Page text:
GLENWOOD SPRINGS, Colorado - A man, a professor, an artist, and most prominently, a muralist.
Fred Haberlein displays his art with his heart. His logo is a heart with a lightning bolt, letting him coin the nickname "Lightning Heart."
Haberlein is kind of a big deal around the valley with much of his art on display, but not in the typical fashion. Fred, the "Lightning Heart Muralist," paints murals that become the community's just as much as they are his.
Fred stands about 5-feet-11-inches tall wearing a brown cowboy hat, dressed in blue jeans with a long sleeve shirt to match. A rollerbrush is in his hand, he looks at his mural, thinks about what is needed, focuses, and goes after his painting like a kid after cake.
His current project located on the side of Colorado Mountain College Gallery and District Office at Ninth and Grand is on its way to become a breathtaking scene of Blair Mountain and other scenes from the Flat Tops Wilderness area.
The specific scene will include the Marvine and Trappers peaks with the South Fork of the White River running through the middle.
The creation of this mural will take Haberlein about three weeks and 30 gallons of paint. He first drew the whole scene out and then started adding color around June 3.
There are two main points when drawing a mural, Haberlein said. The main point, which in this case will be Trappers Peak, is where the viewer will look the most. Since the wall is directly adjacent to the Ninth and Grand traffic light people in their vehicles will be able to look over and see Trappers Peak first. The second point draws the viewer in and guides them along the mural whether driving or walking.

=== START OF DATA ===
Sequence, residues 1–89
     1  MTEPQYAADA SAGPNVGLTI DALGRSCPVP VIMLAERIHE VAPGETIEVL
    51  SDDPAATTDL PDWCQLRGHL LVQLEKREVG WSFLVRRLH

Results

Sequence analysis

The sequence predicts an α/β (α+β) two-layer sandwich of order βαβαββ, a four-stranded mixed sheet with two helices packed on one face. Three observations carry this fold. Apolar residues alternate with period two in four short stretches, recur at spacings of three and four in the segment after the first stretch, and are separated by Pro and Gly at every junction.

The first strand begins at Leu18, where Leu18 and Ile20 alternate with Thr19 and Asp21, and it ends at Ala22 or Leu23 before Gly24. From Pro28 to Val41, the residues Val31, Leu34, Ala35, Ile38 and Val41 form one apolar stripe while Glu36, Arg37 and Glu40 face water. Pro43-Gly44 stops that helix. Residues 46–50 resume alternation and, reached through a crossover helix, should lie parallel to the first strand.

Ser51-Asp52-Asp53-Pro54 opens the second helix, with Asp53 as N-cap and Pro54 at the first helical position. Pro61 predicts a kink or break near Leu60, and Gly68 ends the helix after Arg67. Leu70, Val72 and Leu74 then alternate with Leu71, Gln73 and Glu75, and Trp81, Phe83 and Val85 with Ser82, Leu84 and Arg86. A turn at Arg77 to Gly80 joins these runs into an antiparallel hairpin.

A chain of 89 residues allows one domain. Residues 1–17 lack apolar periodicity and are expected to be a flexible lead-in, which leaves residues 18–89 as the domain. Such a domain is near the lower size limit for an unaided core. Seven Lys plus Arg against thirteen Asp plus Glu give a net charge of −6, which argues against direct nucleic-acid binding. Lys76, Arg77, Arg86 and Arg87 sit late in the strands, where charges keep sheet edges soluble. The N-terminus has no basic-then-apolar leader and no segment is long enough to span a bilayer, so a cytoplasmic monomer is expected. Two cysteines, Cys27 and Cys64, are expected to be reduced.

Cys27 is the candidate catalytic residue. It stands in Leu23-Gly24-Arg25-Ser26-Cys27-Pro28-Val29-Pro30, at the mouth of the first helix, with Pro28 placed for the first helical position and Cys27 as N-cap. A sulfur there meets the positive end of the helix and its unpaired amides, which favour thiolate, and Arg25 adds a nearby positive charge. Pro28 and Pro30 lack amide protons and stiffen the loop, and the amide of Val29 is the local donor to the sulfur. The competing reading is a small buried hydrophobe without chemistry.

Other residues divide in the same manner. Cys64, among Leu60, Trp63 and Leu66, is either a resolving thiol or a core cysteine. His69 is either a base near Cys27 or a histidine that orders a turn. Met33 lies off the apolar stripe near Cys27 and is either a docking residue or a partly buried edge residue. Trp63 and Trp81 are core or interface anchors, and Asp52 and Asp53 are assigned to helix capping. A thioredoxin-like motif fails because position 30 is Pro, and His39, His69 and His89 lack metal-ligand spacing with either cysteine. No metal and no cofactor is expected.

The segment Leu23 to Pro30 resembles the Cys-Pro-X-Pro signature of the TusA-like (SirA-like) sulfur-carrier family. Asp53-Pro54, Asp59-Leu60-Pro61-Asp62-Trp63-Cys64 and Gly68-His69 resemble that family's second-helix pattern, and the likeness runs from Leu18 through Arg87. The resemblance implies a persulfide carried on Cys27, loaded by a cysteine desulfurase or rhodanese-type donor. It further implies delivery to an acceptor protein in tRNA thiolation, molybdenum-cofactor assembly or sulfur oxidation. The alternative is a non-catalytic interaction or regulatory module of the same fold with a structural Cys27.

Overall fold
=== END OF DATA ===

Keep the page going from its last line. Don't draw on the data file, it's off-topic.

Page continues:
Fred begins by adding color with the rollerbrush and letting the paint soak into the wall. After all the color is added Fred goes back over the mural with brushes to add detail and make the painting pop. The shapes have to be sharp and look clean at a quick glance because many viewers will be in their cars driving by.
Debbie Crawford, public information officer for CMC, believes that having Haberlein paint the mural really shows the caliber of instructors that the college has. Crawford thinks the mural is adding a lot to the aesthetic value of downtown Glenwood.
"It is contributing to the vibrancy of downtown for locals and tourists alike," Crawford said.
Haberlein enjoys the fact that the mural will belong to everyone. He wants to create a piece of art that celebrates one of the best parts or where people in the community live. Fred, who lives in the No Name area, believes the point of art is reminding people of where they live and why they are so lucky to live there.
Fred has painted 129 murals throughout the West over his career. Thirteen of those murals have been destroyed through the years whether by being painted over or the building being demolished. Even though it hurts a little, Fred has a parental outlook on all of his murals.
"They're sort of like kids," Haberlein said. "You do your best and let them go. If something needs fixing and I'm around, I'll do it."
His first mural was in Oracle, Ariz., back in 1977 on Mother Cody's Cafe. Fred painted two murals on opposite sides of the building, "Desert Night" and "White Buffalo - The Stampede." Sadly, both works are no longer in existence but Haberlein's passion was only ignited by his first experience in the place he describes as a hippy community.
Fred loves his job as a muralist because it allows him to travel. He loves the fact that the people are great and they are happy for a creative change. The murals he creates become an identity for the town because they always have a regional significance.
He retired two years ago from teaching at CMC but he still teaches now and then as an adjunct professor, further developing his love for art by passing it on to the next generation.
And the next community and the next building.